Mosquito Bay

Mosquito Bay

This story actually happened two nights ago, but it’s taken us awhile to write it out; also, we don’t have a proper photo for it, so I’m using this map of the bay instead. Mosquito Bay is on the south side of the island of Vieques. It’s a really long story, too, but I hope it’s interesting.

In any case, 7:45 Monday night found Katy and I sitting on kayaks in the middle of Mosquito Bay under a cloud-dappled night sky, splashing our hands through warm waters which glowed brightly through our fingers. This bay is one of a handful around the world which are home to permanent colonies of phosphorescent dynoflagellates, microorganisms which bioluminesce when agitated; Mosquito Bay is said to have the largest concentration in the world, creating swirling maelstroms of pale blue light around any disturbance in the water, and we were taking an organized night tour of the bay. Our paddle strokes flashed and sparked, and at one point a fish skimmed past our kayak, leaving a fizzing contrail of light behind it. Later, when our tour group was anchored to a buoy, Katy even joined the rest of the tour in plunging into the bay, becoming instantly enveloped in a shimmering cloud, her slightest motion transcribed in light.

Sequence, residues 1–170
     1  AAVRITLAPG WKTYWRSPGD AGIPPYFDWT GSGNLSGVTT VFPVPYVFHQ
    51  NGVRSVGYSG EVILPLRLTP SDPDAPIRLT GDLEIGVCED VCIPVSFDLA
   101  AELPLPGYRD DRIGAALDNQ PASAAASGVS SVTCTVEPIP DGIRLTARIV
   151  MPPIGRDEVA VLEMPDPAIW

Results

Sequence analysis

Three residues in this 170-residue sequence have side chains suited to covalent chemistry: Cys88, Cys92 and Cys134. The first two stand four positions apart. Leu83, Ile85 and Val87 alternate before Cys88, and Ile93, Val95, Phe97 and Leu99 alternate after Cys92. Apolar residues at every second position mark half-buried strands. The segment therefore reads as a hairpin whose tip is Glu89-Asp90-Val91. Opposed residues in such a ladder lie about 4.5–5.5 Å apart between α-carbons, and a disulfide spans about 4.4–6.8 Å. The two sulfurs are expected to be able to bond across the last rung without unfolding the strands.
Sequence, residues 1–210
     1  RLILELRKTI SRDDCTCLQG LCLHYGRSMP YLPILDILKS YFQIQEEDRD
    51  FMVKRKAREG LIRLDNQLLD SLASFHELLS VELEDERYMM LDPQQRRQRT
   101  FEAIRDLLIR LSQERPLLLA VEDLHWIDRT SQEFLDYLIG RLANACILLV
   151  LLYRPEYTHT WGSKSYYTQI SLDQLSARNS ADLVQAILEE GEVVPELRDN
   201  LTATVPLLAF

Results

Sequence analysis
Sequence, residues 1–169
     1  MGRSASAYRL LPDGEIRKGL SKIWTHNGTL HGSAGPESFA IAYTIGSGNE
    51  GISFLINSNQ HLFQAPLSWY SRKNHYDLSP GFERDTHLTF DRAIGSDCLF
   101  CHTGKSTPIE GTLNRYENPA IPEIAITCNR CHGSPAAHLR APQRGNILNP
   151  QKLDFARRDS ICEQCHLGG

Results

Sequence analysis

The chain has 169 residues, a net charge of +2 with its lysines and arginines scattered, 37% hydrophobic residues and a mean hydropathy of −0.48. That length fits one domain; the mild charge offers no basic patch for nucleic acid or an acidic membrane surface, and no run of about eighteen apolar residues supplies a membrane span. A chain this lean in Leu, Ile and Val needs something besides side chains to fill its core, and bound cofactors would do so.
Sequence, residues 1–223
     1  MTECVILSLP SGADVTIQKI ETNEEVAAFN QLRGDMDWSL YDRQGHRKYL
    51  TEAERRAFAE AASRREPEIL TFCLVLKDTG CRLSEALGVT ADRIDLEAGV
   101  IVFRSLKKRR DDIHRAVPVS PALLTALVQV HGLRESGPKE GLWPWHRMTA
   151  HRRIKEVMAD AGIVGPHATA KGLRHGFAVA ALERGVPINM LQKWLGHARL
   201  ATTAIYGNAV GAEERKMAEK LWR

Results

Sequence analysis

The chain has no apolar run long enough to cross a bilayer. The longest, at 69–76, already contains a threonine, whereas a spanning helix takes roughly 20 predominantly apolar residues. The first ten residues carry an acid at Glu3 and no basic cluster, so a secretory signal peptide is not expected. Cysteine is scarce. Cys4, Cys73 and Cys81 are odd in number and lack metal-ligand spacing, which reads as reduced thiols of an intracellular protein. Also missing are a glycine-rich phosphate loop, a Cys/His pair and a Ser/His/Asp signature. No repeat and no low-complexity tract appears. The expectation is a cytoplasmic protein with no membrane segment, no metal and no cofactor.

Needless to say, it was an extraordinarily memorable, sublime experience, but I don’t believe it would be an exaggeration to say that it pales to insignificance beside the story of the magnificently sketchy process which brought us to the middle of that bay. The evening began innocently enough, when we asked our hostess at the hotel, a truly wonderful woman with wild white hair and a distracted disposition, how we would go about touring the bioluminescent bay. She graciously leapt to our assistance and made the arrangements for our tour by phone, all while repeatedly trying and failing to pour herself a cup of coffee from an empty carafe.

She told us we’d be picked up by the tour operator, Anastasio, at six pm, and indeed, at 6:20 on the dot, a dilapidated blue van rumbled to a stop in front of the hotel. The girl in the passenger seat was unable to slide the side door open from the inside, however, and directed Katy to help by prying at the far edge of the door while she pushed from her side. When this also failed to work she got out of the car and tried again, unsuccessfully, to open the door. At this point the driver, a teenage girl whom Anastasio would later fondly refer to as his son, came around the van and, deftly placing a hand in either side of the door, expertly levered it open.